1996 AFL Grand Final
MCG stadium.jpg
The Melbourne Cricket Ground, where the 1996 AFL Grand Final took place.

North Melbourne
AFL Sydney Icon.jpg

19.17 (131) 13.10 (88)
1 2 3 4
NM 3.2 (20) 8.7 (55) 12.14 (86) 19.17 (131)
SYD 6.2 (38) 8.5 (53) 9.7 (61) 13.10 (88)
Date28 September 1996
StadiumMelbourne Cricket Ground
FavouriteNorth Melbourne
Pre-match entertainmentA collection of past singers
Norm Smith MedallistGlenn Archer (North Melbourne)
Jock McHale MedallistDenis Pagan
Broadcast in Australia
NetworkSeven Network
CommentatorsBruce McAvaney (host and commentator)
Sandy Roberts (commentator)
Leigh Matthews (expert commentator)
Robert DiPierdomenico (boundary rider)
Neil Kerley (boundary rider)
← 1995 AFL Grand Final 1997 →

The 1996 AFL Grand Final was an Australian rules football game contested between the North Melbourne Football Club and the Sydney Swans, held at the Melbourne Cricket Ground in Melbourne on 28 September 1996. It was the 100th annual Grand Final of the Australian Football League (formerly the Victorian Football League), staged to determine the premiers for the 1996 AFL season. The match, attended by 93,102 people, was won by North Melbourne by a margin of 43 points, marking that club's third premiership victory. North Melbourne were awarded a gold premiership cup instead of the usual silver in honour of the centenary grand final.


Main article: 1996 AFL season

Sydney were playing in a Grand Final for the first time since relocating from South Melbourne. It was the Swans' first appearance in a premiership decider since losing the 1945 VFL Grand Final, while it was North Melbourne's first since losing the 1978 VFL Grand Final.

At the conclusion of the home and away season, Sydney had finished first on the AFL ladder with 16 wins and 5 losses and one draw, winning the McClelland Trophy. North Melbourne had finished second with 16 wins and 6 losses.

The lead-up to the game was dominated by the tribunal case of Sydney defender Andrew Dunkley, who was to be the Swans' match-up for star Kangaroos forward Wayne Carey. On the Wednesday before the Grand Final, Dunkley was reported on video evidence – which was still relatively uncommon practice at the time – for striking Essendon's James Hird in the previous week's preliminary final. On the Thursday, Sydney successfully obtained a Supreme Court injunction to prevent the case from being heard until after the Grand Final, with the judge ruling that requiring Dunkley to face the tribunal only one day after learning of the charge and two days before the Grand Final would deny him natural justice and deny him the time required to prepare a defence. Consequently, Dunkley was free to play.[1] When Dunkley ultimately faced the tribunal, he was suspended for three weeks.[2]

Match summary

Team 1 2 3 Final
North Melbourne 3.2 (20) 8.7 (55) 12.14 (86) 19.17 (131)
Sydney 6.2 (38) 8.5 (53) 9.7 (61) 13.10 (88)

The AFL's centenary year was crowned by North Melbourne which made amends for the disappointment of three successive failed finals campaigns. The Kangaroos won their third flag (and the only Gold Premiership Cup in history) despite a slow start. Led by bullocking defender Glenn Archer and superstars Corey McKernan and Wayne Carey, the Kangaroos were hellbent in their premiership quest.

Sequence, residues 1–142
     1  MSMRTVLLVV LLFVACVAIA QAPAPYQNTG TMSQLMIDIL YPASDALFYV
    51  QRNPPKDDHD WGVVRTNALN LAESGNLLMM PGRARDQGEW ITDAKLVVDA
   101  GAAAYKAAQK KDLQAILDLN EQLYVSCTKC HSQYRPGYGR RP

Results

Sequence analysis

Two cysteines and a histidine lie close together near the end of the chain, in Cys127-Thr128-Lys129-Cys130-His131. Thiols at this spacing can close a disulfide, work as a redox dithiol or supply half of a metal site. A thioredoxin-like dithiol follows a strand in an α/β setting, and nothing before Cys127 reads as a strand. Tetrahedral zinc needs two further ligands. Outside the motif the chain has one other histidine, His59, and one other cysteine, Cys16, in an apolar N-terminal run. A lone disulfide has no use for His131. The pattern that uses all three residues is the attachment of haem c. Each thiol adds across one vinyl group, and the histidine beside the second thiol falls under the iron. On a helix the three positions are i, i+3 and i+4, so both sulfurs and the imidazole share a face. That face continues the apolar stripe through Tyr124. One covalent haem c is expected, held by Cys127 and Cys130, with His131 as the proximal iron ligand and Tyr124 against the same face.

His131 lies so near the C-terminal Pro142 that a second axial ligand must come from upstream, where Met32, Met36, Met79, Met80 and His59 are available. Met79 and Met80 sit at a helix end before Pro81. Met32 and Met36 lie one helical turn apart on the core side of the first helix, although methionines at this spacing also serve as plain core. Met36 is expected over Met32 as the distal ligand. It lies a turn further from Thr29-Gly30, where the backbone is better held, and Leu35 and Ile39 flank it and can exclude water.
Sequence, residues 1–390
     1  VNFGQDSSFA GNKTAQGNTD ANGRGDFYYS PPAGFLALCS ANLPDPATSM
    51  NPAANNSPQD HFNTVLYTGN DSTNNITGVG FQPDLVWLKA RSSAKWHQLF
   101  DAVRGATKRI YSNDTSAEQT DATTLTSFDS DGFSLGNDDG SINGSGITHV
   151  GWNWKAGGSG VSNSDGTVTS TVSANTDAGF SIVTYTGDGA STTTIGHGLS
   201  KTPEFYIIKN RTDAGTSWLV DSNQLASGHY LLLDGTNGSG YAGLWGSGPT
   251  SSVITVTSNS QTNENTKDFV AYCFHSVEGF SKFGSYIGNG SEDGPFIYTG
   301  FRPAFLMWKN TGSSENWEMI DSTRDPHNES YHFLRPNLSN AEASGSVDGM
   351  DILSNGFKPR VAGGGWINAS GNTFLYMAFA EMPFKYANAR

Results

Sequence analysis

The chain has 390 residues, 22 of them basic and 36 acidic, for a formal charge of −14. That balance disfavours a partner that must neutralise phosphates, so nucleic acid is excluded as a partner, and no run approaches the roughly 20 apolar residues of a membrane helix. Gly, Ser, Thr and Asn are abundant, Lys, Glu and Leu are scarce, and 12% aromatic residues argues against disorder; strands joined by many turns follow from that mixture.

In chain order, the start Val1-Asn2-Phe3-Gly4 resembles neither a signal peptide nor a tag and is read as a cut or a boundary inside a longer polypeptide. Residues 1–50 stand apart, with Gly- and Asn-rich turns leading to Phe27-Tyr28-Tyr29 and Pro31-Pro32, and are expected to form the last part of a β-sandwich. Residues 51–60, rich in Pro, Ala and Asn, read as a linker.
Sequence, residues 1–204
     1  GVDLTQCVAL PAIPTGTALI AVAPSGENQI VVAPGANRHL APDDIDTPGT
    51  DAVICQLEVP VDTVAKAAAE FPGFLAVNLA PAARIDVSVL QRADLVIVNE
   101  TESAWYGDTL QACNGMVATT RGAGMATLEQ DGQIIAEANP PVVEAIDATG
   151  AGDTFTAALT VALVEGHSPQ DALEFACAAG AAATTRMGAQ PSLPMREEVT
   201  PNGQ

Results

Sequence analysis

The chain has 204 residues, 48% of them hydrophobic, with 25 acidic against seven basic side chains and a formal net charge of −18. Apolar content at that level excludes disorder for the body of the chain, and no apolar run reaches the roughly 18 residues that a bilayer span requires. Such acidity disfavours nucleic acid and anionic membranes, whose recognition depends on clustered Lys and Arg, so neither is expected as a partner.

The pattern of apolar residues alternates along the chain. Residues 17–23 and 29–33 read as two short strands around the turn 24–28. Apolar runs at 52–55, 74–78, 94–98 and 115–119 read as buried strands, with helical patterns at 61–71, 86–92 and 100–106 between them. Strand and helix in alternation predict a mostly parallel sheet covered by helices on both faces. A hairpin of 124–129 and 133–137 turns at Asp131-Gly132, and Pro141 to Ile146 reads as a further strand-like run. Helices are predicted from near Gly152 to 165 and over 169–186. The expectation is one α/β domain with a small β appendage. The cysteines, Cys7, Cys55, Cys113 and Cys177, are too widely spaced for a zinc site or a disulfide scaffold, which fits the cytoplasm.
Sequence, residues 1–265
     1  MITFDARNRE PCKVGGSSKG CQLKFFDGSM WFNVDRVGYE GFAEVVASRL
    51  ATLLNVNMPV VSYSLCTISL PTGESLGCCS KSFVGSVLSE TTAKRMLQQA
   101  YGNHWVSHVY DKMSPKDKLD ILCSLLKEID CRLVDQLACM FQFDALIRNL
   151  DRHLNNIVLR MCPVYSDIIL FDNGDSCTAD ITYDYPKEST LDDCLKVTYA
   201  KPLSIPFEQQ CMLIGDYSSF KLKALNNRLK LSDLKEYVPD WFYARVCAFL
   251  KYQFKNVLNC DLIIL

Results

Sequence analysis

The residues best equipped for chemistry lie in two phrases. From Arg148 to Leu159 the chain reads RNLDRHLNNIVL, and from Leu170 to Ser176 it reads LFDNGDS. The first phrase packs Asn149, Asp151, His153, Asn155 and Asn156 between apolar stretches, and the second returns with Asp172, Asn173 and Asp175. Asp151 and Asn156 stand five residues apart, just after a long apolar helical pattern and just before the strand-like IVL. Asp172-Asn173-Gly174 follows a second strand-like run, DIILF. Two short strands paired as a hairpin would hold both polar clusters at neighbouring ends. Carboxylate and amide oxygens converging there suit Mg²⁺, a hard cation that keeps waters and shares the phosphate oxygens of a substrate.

The Swans, although overwhelmed at the finish, started well and kicked the last three goals of the first quarter to lead by 18 points at quarter time. When Jason Mooney scored early in the second quarter the Swans' lead extend to 24 points. However, Glenn Freeborn's move to the forward line sparked the Kangaroos, with Freeborn kicking three goals for the quarter and Darren Crocker and Brett Allison each kicking one, and by half time the Kangaroos led by 2 points.

North Melbourne dominated the third quarter, with two goals to Craig Sholl and one each to Peter Bell and Crocker, which saw them leading by 25 points at three quarter time.

The Kangaroos kicked the first two goals of the final quarter through Anthony Stevens and Mark Roberts to effectively kill the contest. The two teams traded goals until the end of the game, with North ultimately triumphing by 43 points.

Tony Lockett tried hard for the Swans in his first and only Grand Final, booting six goals. Paul Roos was playing in his 314th game of VFL/AFL football. He continues to hold the record for the most games played before participating in his first Grand Final.

The Norm Smith Medal was awarded to Archer for being judged the best player afield.


North Melbourne
North Melbourne
B: 8 Robert Scott 4 Mick Martyn 11 Glenn Archer
HB: 2 Wayne Schwass 6 Ian Fairley 12 John Blakey
C: 34 David King 37 Adam Simpson 7 Dean Laidley
HF: 17 Glenn Freeborn 18 Wayne Carey (c) 33 Brett Allison
F: 24 Craig Sholl 31 Corey McKernan 27 Darren Crocker
Foll: 16 Matthew Capuano 3 Anthony Rock 10 Anthony Stevens
Int: 5 Stuart Anderson 22 Mark Roberts 26 Peter Bell
Coach: Denis Pagan
B: 7 Brad Seymour 6 Andrew Dunkley 30 Mark Bayes
HB: 39 Adam Heuskes 1 Paul Roos 19 Michael O'Loughlin
C: 27 Wade Chapman 8 Daryn Cresswell 9 Shannon Grant
HF: 34 Troy Luff 17 Jason Mooney 3 Dale Lewis
F: 5 Craig O'Brien 4 Tony Lockett 11 Stuart Maxfield
Foll: 15 Greg Stafford 12 Kevin Dyson 14 Paul Kelly (c)
Int: 24 Derek Kickett 32 Daniel McPherson 29 Simon Garlick
Coach: Rodney Eade

Goal kickers

North Melbourne

  • Crocker 3
  • Freeborn 3
  • Allison 2
  • Roberts 2
  • Sholl 2
  • Stevens 2
  • Bell 1
  • Carey 1
  • Fairley 1
  • Rock 1
  • Simpson 1


  • Lockett 6
  • Luff 2
  • O'Loughlin 2
  • Cresswell 1
  • Kickett 1
  • Mooney 1


  1. ^ Russell Coulson; Ron Reed (27 September 1996). "First round goes to Sydney". Herald Sun. Melbourne, VIC. p. 5.
  2. ^ Al Paton (8 May 2014). "SuperFooty takes a look at the biggest cases to hit the tribunal as Jack Viney prepares for his appeal". Herald Sun. Retrieved 30 December 2015.

See also